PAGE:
Strong Evidence For Minor Effects

The recent joint workshop of the European Federation of Periodontology and the American Academy of Periodontology, apparently meant to revive again (and once and forever establish) the periodontitis/systemic disease issue, has resulted in remarkably weak conclusions in some of the seminal papers, for instance,

  • As regards pregnancy outcome: “Current evidence from RCTs does not support the provision of periodontal therapy to improve pregnancy outcomes” (Michalowicz et al. 2013).
  • As regards diabetes mellitus: “The modest [a meta-analysis indicated a mean treatment effect of -0.36% HbA1c (CI -0.54, -0.19)] reduction in HbA1c observed as a result of periodontal therapy in subjects with type 2 diabetes is consistent with previous systematic reviews. Despite this finding, there is limited confidence in the conclusion due to a lack of multi-centre trials of sufficient sample size are lacking” (Engebretson and Kocher 2013).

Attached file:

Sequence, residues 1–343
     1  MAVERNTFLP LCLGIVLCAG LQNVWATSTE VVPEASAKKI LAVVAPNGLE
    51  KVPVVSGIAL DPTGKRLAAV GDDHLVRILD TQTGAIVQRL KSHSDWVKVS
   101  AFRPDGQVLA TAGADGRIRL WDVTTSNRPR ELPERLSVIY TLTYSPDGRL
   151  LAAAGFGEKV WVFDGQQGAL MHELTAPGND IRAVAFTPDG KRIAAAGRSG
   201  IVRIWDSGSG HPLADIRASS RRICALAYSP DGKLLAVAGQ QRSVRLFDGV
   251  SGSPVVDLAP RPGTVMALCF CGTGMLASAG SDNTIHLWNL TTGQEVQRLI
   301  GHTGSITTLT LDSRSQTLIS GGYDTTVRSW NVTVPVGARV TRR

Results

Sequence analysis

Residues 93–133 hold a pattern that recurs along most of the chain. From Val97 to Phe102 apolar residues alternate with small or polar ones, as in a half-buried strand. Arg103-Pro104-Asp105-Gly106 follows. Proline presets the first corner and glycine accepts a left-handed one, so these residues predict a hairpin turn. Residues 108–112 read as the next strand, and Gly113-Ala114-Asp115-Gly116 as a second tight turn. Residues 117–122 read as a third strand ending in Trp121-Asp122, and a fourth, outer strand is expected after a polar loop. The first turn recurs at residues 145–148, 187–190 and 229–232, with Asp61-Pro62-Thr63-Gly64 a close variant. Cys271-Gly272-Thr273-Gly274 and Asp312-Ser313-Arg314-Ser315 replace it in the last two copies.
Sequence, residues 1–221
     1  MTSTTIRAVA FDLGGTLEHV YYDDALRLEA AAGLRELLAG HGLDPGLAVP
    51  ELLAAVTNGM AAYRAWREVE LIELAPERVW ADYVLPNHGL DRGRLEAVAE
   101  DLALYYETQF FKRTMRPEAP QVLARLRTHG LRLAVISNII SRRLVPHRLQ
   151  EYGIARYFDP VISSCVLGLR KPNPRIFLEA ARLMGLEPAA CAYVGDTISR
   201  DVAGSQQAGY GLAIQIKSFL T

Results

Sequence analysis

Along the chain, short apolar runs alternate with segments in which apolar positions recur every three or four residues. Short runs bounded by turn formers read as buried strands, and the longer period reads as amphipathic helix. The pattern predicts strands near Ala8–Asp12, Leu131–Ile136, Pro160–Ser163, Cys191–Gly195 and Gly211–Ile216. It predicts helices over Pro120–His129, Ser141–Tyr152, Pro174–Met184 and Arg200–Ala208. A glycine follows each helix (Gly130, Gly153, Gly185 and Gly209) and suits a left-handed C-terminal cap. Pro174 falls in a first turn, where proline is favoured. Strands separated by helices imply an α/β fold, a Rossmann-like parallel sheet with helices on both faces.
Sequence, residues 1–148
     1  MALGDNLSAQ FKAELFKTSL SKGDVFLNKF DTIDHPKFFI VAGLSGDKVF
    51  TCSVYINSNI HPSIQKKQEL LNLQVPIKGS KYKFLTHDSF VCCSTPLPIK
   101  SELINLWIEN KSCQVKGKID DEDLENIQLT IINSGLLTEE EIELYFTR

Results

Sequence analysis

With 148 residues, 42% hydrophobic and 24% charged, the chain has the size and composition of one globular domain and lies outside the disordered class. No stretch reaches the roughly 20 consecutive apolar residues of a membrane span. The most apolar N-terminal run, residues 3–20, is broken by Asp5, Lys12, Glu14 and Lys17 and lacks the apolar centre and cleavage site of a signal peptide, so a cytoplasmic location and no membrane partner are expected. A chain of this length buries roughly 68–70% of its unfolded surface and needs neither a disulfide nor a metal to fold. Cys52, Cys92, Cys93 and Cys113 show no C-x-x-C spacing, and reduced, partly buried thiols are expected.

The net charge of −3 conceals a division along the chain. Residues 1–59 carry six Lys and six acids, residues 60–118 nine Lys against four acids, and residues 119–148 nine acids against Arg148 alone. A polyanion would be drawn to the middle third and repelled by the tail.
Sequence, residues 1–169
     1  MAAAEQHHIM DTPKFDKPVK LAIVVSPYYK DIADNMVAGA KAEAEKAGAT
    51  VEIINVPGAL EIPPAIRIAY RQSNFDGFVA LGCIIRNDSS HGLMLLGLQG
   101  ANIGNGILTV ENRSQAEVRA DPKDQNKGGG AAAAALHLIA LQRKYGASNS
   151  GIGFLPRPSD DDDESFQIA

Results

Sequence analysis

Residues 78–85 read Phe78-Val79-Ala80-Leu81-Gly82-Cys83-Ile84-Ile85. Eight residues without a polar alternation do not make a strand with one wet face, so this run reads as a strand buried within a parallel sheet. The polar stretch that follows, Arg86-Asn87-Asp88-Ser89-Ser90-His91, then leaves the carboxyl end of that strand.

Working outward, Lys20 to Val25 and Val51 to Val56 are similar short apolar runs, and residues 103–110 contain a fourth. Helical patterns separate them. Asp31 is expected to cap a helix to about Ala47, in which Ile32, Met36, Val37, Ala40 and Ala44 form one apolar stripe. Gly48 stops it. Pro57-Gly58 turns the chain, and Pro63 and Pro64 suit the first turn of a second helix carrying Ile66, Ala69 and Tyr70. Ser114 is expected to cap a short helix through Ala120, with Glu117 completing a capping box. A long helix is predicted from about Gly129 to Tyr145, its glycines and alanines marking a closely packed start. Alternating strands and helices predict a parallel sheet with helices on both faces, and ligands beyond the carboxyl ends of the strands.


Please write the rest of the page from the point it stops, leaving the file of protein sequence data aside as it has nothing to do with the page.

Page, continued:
• As regards biomarkers and cardiovascular disease outcomes:  “There is […] limited evidence that these acute [short-term inflammatory response] and chronic changes [progressive and consistent reduction of systemic inflammation and improvement in endothelial function] will either increase or reduce CVD burden of individuals suffering from periodontitis in the long term” (D’Aiutu et al. 2013).

Very large intervention studies which could challenge existing evidence, as demanded during the workshop (“Well-designed intervention trials on the impact of periodontal treatment on prevention of ACVD [atherosclerotic cardiovascular disease] hard clinical outcomes are needed,” Tonetti and van Dyke (2013)), may be very difficult to conduct. Mainly beneficial effects of periodontal treatment (essentially unrelated to systemic diseases and conditions under scrutiny) have already been shown, so denial of treatment for control patients must be regarded unethical.

8 May 2013 @ 6:20 pm.

Last modified May 8, 2013.

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